At the end of the 19th Century there were no more than twenty green spaces, but in the beginning of the 20th were projected and built most of the current parks of the City, being the centre of the urbanization in those times. Hospitals were founded formerly for giving home to resourceless people. As a consequence of the poor medical knowledge of that time, they were used also to segregate and isolate certain kinds of patients. Towards 1880, the hygienist current begins to think about human health as a right that must be assured by the State.

    The chronic epidemies that happened in Buenos Aires woke up the necessity of carrying out works for public hygiene and health. It’s therefore common to see several hospitals in the postcards of 100 years ago. San Roque Hospital was inaugurated in 1883. It was the first municipal hospital and today is called Ramos Mejía Hospital. It’s placed at the intersection of Urquiza Street and Venezuela Street. It was preceded by San Roque’s Lazzareto (1867), bound for patients with contagious diseases. That was the reason for which it was chosen a country place –in that time- far from downtown to establish it. It gave important services during the yellow fever epidemic. Being Argentina a country of immigrants, several societies were created to take care of their compatriots with economic, social and health lacks. Among other services, the “community hospital” was founded. Among them the French, Spanish, Italian and British hospitals.

    Cemeteries: Formerly the dead were buried in the courtyards of the churchs (except the poor or black people that were thrown in the open country to be eaten by the wild dogs). Those burials were forbidden in 1822. Because of this, the Recoleta Cemetery was founded. In 1867 was inaugurated the Southern Cemetery, quickly filled because of the consecutive epidemics of cholera and yellow fever. It was closed in 1892, becoming the current Florentino Ameghino Park. Near this place, in Spain Square existed a small cemetery for English people. The towns of Belgrano and Flores also had cemeteries.
    --(Antiguamente los muertos eran enterrados en los patios de las iglesias, salvo los pobres o negros, que se tiraban en descampados a merced de los perros cimarrones. En 1822 se prohíbe estos enterratorios. Nace así el Cementerio de La Recoleta. En 1867 fue inaugurado el Cementerio del Sur, rápidamente saturado por las su-cesivas epidemias de cólera y fiebre amarilla. Clausurado en 1892 es el actual parque Florentino Ameghino. Cercano a este lugar, en Plaza España, existió un pequeño cementerio de ingleses Los pueblos de Belgrano y Flores también tuvieron cementerios. En 1871, durante la epidemia de fiebre amarilla; y con la finalidad de evacuar con mayor rapidez los cadáveres de la ciudad, se incorporó un tramo del Ferrocarril Oeste desde Pueyrredón hasta un cementerio que se habilitó al efecto, en donde actualmente se encuentra el Parque Los Andes (y que luego se trasladaría al actual de la Chacarita). La construcción del tramo, que se concluyó en dos meses, la dirigió el ingeniero Augusto Ringuelet. Al tren que cumplía la lúgubre misión de transportar los cadáveres se lo conocía como de la muerte o fúnebre, al igual que a las tres estaciones en la que se depositaban los mismos para ser trasladados: la Bermejo, en la esquina sudoeste de la calle homónima (hoy Jean Jaurés) con la avenida Corrientes, la que se encontraba en la esquina sudoeste de Corrientes y Medrano; y la de la esquina con Scalabrini Ortiz (entonces llamada Camino Ministro Inglés. Al mencionado tren lo sucedió el tranvía Fúnebre y a partir de éste, en 1887, la compañía Lacroze obtuvo una concesión para extender vías por donde circularía el llamado tranvía Rural, de tracción a sangre como todos los de esa época, desde la actual Pueyrredón hasta la Chacarita, por la actual Corrientes, y de este último punto hacia Belgrano y de aquí ramales a la provincia. Este contrato se le otorgó con la condición de que además de pasajeros debían llevar cadáveres hasta el cementerio. Eran tranvías de techo abierto y asientos de madera y fue principalmente gracias ellos que las viviendas se fueron extendiendo sobre las quintas y los hornos de barro que aún existían. / - Finalmente, en 1871, la fiebre amarilla, que hace estragos entre los pobladores hacinados en los conventillos de los barrios del sur de la ciudad de Buenos Aires, cobra gran número de vidas entre ellos, terminando de hecho con la mayor parte de los hombres de color.)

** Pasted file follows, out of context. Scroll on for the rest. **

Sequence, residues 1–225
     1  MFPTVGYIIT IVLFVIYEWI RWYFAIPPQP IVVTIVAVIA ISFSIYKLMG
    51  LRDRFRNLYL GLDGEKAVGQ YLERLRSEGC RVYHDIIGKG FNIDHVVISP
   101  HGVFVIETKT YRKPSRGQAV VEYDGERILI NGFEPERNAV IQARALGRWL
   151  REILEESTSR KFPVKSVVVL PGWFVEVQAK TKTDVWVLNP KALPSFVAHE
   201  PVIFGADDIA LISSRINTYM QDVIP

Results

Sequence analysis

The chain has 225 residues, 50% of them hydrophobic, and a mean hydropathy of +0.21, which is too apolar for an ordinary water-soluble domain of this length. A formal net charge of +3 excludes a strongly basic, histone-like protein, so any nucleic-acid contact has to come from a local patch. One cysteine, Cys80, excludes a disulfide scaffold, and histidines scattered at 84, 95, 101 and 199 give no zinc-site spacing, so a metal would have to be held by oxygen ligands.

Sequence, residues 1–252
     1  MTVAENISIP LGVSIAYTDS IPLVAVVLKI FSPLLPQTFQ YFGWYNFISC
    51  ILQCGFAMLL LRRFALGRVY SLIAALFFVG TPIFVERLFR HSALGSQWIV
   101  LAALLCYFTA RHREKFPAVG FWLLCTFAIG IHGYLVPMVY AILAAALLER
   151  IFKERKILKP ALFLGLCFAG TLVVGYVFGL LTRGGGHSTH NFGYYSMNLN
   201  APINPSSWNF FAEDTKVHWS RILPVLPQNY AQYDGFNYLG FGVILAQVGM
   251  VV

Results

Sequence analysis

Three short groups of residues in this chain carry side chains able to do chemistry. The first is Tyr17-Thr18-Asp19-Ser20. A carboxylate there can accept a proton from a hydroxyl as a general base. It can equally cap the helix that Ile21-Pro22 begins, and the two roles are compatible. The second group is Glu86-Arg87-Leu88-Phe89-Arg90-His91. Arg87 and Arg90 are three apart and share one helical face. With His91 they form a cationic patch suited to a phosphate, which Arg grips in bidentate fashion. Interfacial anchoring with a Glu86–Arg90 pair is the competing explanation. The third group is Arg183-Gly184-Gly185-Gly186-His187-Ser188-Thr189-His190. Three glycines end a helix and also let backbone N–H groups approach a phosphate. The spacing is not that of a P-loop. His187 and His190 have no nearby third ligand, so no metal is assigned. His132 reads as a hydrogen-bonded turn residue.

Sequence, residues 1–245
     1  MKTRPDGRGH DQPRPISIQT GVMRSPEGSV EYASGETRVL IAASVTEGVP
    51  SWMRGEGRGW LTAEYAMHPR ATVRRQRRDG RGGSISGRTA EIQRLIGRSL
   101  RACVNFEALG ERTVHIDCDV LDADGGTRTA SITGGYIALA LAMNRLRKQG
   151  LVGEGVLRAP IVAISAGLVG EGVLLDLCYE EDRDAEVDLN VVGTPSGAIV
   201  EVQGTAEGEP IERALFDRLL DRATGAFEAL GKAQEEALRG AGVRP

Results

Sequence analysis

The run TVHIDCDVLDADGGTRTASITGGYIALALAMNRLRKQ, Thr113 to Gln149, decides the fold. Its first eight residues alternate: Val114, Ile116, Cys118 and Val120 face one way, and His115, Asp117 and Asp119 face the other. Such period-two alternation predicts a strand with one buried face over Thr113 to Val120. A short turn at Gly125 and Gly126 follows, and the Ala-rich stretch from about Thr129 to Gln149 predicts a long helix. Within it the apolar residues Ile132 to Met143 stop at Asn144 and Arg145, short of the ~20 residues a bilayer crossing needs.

The Recoleta Cemetery was created in 1822 in the vegetable garden that the priests recoletos possessed besides the Del Pilar Church. Chacarita Cemetery: The yellow fever epidemic of 1871 forced to find quickly another burial place. This cemetery was called also “Western” between 1896 an 1949. There are buried tango celebrities, outstanding among them Carlos Gardel, whose sculptural group is object of offerings and rituals. The tombs of former President Juan Perón and the poetess Alfonsina Storni are also there. Dissidents’ Cemetery: In 1820 the English community got a permission to place a cemetery at the rear of Socorro Church. Prior to this date, Protestants were buried in the bank of the river, at the zone of Retiro. The second dissidents’ cemetery was located in the current First of May Square, in Pasco Street and Alsina Street. These grounds were changed afterwards by a piece of land adjacent to Chacarita Cemetery, where are placed today the British and German cemeteries.